• Alpaca Fact Sheet #11: Worms and Alpacas

    Alpacas are susceptible to cattle, goat and sheep worms, however the four most likely to cause problems with alpaca are: Barber’s Pole Worm (Haemonchus contortus) up to 10,000 eggs per day Small Brown Stomach Worm (Ostertagia ostertagi) 100-200 eggs per day Black Scour Worm (Trichostrongylus spp) 100-200 eggs per day Liver Fluke (Fasciola hepatica) 20,000-50,000 eggs per day The eggs are passed out in the faeces and can remain in the paddock for long periods, until warm moist conditions are present and they begin to hatch into infective larvae. Alpacas with a worm burden can be passing eggs in their faeces over winter with the eggs not hatching due to the cold, only to have millions of eggs begin hatching when the warm spring days arrive. This sudden arrival in the paddock of millions of larvae can result in sudden and severe worm infestations with severe consequences. more »
  • Alpaca Fact Sheet #10: Trimming Toenails

    Alpacas have soft padded feet with two toenails on each foot and a soft leathery pad. Depending on the environment the toenails require regular attention at least three to four times a year and at shearing. However, nails will grow at different rates on different animals and in particular the toenails of lighter coloured animals seem to grow at a faster rate than the darker coloured animals. Nails left unattended can twist and deform the foot causing lameness, restriction of mobility and ability to move to graze, and ultimately weight loss. more »
  • Alpaca Fact Sheet #9: Mineral and Vitamin Supplements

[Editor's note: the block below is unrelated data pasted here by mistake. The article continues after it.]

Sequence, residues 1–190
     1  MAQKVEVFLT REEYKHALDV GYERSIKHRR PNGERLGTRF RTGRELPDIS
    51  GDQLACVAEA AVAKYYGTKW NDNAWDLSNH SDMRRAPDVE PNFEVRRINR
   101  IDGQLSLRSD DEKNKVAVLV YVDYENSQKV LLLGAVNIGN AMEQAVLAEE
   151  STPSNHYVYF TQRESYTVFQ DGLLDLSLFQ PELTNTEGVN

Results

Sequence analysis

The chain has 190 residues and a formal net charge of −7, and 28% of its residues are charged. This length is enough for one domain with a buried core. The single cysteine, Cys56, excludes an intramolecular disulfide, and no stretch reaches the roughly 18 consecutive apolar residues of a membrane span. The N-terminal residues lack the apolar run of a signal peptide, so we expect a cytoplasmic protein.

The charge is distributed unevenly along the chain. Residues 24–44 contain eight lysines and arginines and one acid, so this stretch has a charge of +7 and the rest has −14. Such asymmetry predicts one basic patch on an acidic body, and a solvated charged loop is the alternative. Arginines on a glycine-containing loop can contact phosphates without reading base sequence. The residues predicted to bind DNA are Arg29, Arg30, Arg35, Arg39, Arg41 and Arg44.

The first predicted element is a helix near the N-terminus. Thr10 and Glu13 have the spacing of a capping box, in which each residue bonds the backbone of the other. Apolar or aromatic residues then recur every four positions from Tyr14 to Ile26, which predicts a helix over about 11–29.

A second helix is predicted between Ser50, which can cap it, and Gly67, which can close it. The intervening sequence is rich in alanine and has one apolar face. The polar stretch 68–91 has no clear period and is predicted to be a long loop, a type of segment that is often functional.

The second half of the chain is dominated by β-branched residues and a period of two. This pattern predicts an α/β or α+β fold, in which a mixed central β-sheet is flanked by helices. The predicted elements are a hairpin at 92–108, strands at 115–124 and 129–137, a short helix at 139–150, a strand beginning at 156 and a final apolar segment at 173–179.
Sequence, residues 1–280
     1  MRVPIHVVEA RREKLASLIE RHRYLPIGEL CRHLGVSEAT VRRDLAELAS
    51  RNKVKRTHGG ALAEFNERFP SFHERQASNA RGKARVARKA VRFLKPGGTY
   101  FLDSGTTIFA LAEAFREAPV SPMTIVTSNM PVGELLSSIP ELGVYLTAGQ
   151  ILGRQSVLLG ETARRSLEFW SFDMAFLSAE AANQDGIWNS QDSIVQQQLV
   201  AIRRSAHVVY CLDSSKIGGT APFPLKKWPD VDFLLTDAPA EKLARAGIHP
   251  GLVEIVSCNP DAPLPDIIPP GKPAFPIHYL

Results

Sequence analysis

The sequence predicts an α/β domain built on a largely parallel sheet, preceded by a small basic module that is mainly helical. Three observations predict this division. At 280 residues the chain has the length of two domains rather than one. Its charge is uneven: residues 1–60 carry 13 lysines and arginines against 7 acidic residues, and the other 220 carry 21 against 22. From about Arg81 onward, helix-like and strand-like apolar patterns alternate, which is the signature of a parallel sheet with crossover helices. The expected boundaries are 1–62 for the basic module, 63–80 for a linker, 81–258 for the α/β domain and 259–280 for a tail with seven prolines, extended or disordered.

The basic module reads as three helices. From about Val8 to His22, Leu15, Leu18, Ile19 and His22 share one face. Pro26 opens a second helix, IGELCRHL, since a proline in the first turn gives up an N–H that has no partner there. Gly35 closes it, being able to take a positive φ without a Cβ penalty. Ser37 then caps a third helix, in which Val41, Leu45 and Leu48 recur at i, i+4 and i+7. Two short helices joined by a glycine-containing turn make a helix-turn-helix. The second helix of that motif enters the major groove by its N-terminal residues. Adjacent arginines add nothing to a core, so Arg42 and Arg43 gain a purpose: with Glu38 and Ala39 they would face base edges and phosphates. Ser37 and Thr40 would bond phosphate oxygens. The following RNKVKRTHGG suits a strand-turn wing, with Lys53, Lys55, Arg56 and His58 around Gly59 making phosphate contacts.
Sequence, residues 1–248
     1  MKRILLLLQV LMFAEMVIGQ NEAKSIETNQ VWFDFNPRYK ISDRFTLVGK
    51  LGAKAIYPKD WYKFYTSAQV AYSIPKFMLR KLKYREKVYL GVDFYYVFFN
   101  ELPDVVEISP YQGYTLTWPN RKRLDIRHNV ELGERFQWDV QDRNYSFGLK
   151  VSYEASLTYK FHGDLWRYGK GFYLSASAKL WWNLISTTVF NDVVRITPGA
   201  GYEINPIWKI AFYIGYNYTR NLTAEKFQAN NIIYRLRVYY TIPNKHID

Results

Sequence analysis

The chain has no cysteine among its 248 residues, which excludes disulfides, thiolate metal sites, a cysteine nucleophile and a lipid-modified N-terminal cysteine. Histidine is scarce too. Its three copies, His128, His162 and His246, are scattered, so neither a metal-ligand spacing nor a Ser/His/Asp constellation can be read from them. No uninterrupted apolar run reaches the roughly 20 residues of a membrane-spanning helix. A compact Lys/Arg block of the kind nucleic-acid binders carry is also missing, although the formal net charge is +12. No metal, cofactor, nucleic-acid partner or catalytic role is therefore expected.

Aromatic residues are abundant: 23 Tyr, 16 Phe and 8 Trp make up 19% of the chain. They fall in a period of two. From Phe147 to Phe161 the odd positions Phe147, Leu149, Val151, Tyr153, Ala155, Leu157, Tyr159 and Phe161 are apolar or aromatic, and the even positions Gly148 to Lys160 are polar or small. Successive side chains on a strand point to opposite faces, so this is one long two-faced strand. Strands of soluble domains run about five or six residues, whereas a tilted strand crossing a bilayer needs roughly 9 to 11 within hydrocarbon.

The main vitamin to consider in alpaca supplementation is vitamin D and the main mineral is selenium. Both are responsible for significant pathology when deficient and both are able to induce severe toxic signs if given at too high dosage. more »
  • Alpaca Fact Sheet #8: Control of Paralysis Tick

    The Australian paralysis tick (Ixodes holocyclus) is endemic along the east coast of Australia and is responsible for thousands of livestock deaths each year and, regrettably, the alpaca is no exception. The ‘tick season’ varies from one region to another and may start as early as June/July but in some areas has been known to be active all year round. No matter what area you are in, always check with the local veterinarian as to the initial emergence of ticks – the day the first dog arrives in the surgery with tick paralysis usually heralds the start of the ‘tick season’. more »
  • Alpaca Fact Sheet #7: Administration of Injections

    This information is provided as a guide for the administration of injections but breeders may have similar techniques which are equally effective. As with most livestock alpacas require injections from time to time but very few medications are registered for use in alpacas. If unsure, consult your veterinarian. more »

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